As you may (or may not) know, I have been working on a book for a little over a year now. Things started out great last year when I set out to write the book. I almost completed the book in just three months of writing, then, I hit the writer's wall. Yep, writer's block set in, and I almost completely forgot how to catch. So I took about 6 months away from the book then picked the pen up again a short time and now I am almost finished with the book. I wanted to give you a sneak peak of what I have been working on in hopes that you will find it interesting enough to get your copy of my book upon its completion. I may be bias in saying this, but I think the book will be extremely helpful for anyone interested in improving as a catcher. This book may be different than any other catching book you have read, as it is not just a book about how to catch, but it is a story about being a catcher with instruction woven into the story.
Here is the excerpt that I would like to share with you today. It is a section titled "Be Unique" which I think is an important part of not only being a catcher but of being an athlete altogether. It is our uniqueness that sets us apart from other athletes when we are working to make a team or move to the next level. I hope you enjoy....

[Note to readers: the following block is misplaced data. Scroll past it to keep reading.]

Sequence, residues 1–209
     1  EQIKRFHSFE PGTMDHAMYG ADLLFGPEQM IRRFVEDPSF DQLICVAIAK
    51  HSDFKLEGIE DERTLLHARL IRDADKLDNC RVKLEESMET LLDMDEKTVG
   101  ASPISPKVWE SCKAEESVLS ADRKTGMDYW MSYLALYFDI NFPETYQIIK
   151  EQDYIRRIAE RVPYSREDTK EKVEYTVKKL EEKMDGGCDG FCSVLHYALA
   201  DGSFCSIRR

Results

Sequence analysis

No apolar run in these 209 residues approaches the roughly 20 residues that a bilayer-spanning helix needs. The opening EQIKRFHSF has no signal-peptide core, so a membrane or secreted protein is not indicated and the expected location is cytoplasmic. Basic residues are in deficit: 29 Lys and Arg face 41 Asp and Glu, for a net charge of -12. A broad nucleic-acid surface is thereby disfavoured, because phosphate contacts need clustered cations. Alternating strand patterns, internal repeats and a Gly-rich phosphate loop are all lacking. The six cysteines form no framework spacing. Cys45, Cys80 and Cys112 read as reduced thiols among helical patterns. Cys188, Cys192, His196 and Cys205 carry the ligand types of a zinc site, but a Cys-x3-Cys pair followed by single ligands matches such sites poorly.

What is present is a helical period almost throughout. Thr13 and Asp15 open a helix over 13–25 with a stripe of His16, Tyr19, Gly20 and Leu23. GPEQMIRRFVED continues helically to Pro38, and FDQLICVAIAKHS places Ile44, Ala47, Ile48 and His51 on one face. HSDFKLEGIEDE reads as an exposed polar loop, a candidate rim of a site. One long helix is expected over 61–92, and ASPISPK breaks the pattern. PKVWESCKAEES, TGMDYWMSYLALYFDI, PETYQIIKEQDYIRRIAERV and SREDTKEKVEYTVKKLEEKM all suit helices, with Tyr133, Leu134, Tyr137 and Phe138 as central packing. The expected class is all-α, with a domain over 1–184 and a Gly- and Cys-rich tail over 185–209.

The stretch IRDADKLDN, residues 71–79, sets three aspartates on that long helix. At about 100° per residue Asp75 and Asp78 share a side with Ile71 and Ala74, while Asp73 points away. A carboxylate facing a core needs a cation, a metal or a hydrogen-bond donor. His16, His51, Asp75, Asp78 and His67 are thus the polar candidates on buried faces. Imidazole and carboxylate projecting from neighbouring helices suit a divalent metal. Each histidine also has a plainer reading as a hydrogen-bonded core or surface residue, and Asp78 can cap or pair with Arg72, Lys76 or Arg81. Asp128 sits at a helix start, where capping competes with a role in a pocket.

We live in a time where we produce too many cookie cut ball players. We tell kids to do everything the same way, only to turn on MLB games to see the players doing things differently from each other. It is important to give kids a good base or foundation, but it is dangerous to put kids into a box and make them all the same. Catchers need to take their basic knowledge of the position, watch good MLB catchers, and build their own unique style. Yadier Molina, unique. Salvador Perez, unique. Johnny Bench, unique. Jonathan Lucroy, unique. Benito Santiago, unique. Mike Scioscia, unique. These are just a few guys that played the position with a uniqueness that you do not see everyday. Yadier with his arm, Salvador with his charisma. Bench paved the way for one handed catching. Lucroy with his unreal receiving skills, turning everything into a strike. Santiago making every throw from his knees. Scioscia blocking home plate like nobody ever did before him or after him. These guys were all so unique, and are all great catchers. Their uniqueness is why we all want to watch them so much. There is just something different about them that stands out. That unique style that captures our attention.
No two people are identical which means no two catchers should be identical, and if we are teaching our kids all to do the exact same thing then we are taking away from their ability to play the position with their unique style. Today's game demands for a catcher to have the ability to improvise and make athletic plays. By teaching everyone to be the same we take away the freedom to improvise and be athletic. What we end up with is a bunch of robots behind the plate who will not be able to keep up with the speed of the game as they advance, subsequently losing their chance to play. Gone are the days of putting the "fat kid" behind the plate as a backstop. Now our catchers must be athletic and have the ability to make plays. Let them be themselves. Let them have fun. They will surprise you with how successful they can be if you just let them be themselves. Let them play the game the way they can.